Thousands of health workers are taking part in strike action across Northern Ireland.
Paramedics are among the workers taking part at picket lines across the region on Thursday.
Workers with the unions Nipsa, Unison and Unite are staging the action.
The 24-hour stoppage will be the latest full day of action taken by health sector unions as they press for safe staffing, better pay and improved mileage allowances.
There was previous strike action on December 12.
The Royal College of Nursing also took part in strike action over pay and safe staffing levels in December.
At the Royal Victoria Hospital in Belfast, paramedic Gabriel McComish said there is a need for change within the health service and attitude towards public services.
He described working conditions as “horrendous”.
“We have an increase in population, increased numbers and a reduced workforce, we have people leaving on an annual basis for new opportunities within health organisations around the UK and private health,” he told the PA news agency.
“We need to hold on to staff and the only way you can hold on to staff is to respect us, don’t disrespect us because once you start to disrespect us, people will leave and the community will suffer.
“Year after year we have seen cuts in funding and we have seen our colleagues leave early, retiring early, becoming sick or leaving for other industries.
“I have been in the service 20 years, and what I’m seeing now is people who have been in maybe 10 to 15 years considering going into other industries where they’re better respected, they have better hours and better salaries – the job that they came in to do isn’t there anymore.”
Mr McComish said with the ongoing crisis in hospitals, paramedics are spending hours after their shift ended waiting outside Emergency Departments.
“We’re struggling to get finished on time on a daily basis, day after day after day our crews are being held up three to four hours after their finishing time, they can’t get home to their families, they can’t get their annual leave. They’re tired and depressed about the whole situation,” he said.
He said workers are determined to stand tall and fight back.
“Morale at the minute is quite high because when you’re in a situation where you’re up against a wall, you have to fight back so people are standing firm and tall, we have a fight on our hands and we’re going to fight until this is resolved,” he said.
“We need this government to come in and start talking to us properly.”
Eddie Richmond, a duty control manager with the ambulance service, said workers are still there to help those most in need.
“We will still provide that cover, and we have gone to great lengths working with our management team to ensure that cover is maintained at all times,” he said.
“But it is important that the message goes out that the health service is broken, and there is no use saying it is on its knees, or got run down, it is broken and it needs to be fixed.
“Twelve years of austerity from the Conservative Government, cuts after cuts after cuts, have not helped the health service one bit, and we’re now in such a position that the public are at risk. The public are at risk every single day.
“We have tried, we have gone to the Government, we have gone to the department (of health), we’ve argued, we’ve presented the case, it’s not just about money. This is about the service and the fact it is now completely broken.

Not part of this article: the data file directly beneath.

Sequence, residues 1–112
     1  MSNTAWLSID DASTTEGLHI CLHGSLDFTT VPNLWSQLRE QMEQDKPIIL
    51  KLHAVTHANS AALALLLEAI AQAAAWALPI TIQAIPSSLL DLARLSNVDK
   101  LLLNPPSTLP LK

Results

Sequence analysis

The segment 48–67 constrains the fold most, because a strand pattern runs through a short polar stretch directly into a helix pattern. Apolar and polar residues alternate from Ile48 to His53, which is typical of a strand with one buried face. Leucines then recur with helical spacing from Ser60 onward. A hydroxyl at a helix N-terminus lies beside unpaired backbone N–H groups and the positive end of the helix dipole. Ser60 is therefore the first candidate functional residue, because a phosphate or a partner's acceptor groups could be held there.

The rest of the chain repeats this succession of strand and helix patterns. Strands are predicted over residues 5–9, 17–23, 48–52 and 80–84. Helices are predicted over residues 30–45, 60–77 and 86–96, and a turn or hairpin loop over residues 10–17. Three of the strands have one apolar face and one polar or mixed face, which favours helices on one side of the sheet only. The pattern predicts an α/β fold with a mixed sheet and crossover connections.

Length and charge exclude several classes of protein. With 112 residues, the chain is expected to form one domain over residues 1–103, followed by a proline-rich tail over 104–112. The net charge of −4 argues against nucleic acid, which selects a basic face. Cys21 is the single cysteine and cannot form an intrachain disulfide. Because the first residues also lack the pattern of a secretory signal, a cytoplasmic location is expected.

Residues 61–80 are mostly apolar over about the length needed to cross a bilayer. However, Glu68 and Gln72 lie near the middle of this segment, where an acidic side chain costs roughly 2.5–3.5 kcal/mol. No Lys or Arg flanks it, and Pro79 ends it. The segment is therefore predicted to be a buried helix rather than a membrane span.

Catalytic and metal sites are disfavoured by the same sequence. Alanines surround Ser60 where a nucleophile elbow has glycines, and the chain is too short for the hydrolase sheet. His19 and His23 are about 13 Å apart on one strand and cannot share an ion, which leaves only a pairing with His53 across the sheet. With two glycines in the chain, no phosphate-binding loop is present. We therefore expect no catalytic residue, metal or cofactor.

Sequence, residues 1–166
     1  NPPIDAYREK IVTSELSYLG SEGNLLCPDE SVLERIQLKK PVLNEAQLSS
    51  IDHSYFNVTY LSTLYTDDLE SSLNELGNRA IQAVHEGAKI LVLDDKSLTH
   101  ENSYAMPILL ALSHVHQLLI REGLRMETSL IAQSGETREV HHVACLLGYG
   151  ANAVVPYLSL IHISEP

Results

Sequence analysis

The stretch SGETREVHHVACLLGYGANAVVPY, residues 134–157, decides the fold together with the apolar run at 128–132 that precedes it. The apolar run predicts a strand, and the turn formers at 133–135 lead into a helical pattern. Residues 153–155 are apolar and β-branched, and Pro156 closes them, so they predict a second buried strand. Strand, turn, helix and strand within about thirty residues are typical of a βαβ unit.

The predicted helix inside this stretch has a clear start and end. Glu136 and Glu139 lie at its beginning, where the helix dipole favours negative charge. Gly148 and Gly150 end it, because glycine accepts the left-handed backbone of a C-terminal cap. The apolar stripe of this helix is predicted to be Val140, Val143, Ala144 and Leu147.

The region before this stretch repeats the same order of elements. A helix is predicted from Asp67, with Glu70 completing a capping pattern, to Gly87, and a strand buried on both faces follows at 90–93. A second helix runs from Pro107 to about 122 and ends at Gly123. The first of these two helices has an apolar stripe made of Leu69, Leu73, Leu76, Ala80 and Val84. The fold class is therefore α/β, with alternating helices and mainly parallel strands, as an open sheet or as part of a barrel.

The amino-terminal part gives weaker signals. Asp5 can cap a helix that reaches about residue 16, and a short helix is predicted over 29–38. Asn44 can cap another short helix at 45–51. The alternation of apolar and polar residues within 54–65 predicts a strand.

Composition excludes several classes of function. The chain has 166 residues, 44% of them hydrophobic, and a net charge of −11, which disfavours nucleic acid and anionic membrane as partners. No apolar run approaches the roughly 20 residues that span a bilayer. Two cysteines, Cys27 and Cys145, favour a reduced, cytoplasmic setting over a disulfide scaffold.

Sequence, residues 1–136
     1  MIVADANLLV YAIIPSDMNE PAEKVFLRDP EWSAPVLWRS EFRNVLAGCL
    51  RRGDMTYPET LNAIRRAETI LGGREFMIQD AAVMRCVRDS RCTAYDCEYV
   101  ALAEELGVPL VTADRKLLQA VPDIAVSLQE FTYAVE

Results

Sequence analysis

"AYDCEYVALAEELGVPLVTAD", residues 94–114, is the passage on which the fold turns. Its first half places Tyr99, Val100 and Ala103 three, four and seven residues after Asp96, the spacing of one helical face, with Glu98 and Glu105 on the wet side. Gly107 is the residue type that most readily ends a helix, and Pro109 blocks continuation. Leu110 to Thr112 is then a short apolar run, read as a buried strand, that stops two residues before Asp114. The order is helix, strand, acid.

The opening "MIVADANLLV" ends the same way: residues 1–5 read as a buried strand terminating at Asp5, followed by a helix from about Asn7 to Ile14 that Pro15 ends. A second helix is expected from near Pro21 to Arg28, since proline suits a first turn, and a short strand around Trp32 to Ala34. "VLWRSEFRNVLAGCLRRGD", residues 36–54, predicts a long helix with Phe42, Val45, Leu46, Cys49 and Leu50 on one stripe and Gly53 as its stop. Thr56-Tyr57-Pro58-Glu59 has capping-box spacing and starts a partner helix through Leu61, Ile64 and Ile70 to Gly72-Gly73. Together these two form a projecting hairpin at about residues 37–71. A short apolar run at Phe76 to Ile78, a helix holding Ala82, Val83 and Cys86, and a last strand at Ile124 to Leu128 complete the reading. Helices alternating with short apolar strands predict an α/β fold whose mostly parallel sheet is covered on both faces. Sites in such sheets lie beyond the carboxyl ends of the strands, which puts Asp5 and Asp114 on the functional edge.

“We would like to see a turnaround, a proper investment, jobs, there are 100,000-plus vacancies in the NHS across the country, we would like to see those positions filled.
“This is not just about pay, this is about the service and the service we provide to the public.”
Anne Speed, of Unison, said in the absence of talks, workers are “stepping out and stepping up”.
“It is an appalling situation when trade unions willing to negotiate have all doors closed to them. It is therefore inevitable that this action today is happening,” she said.
“Health workers cannot stand idly by or stay silent. And why should they?”
Ms Speed also lambasted Secretary of State Chris Heaton-Harris, who is currently on a trip to the United States aimed at encouraging trade opportunities.
The Stormont Assembly remains in flux with no ministers in post.
Ms Speed said Mr Heaton-Harris has responsibilities in Northern Ireland.
“It is time he included in his priorities addressing the crisis in our health service. Staff recruitment and retention and pay justice are every bit as important as trade,” she said.
“Our members also expect a joint effort from all political parties to break this logjam.”
In a statement, the Northern Ireland Ambulance Service (NIAS) said it has engaged with trade union representatives to identify services and roles that will be exempt from strike action to ensure that a response continues to the most clinically urgent patients.
However, NIAS said it anticipates challenges throughout Thursday and that it plans to maintain the safety of those patients whose need is greatest.
It has urged the public to only call for an ambulance on Thursday in life-threatening emergencies such as cardiac arrest, loss of consciousness, breathing difficulties, severe bleeding and others.
“Callers should not hesitate to call 999 in the case of serious illness or injury, but other callers should consider other options including self-care, seeking GP or pharmacy advice or presenting themselves to Emergency Departments,” the service said.
The spokesman added: “NIAS respects the right of our staff who are union members to participate in industrial action.
“This action is being taken in relation to the national issues of pay and conditions and is a matter for the Government and trade unions.”
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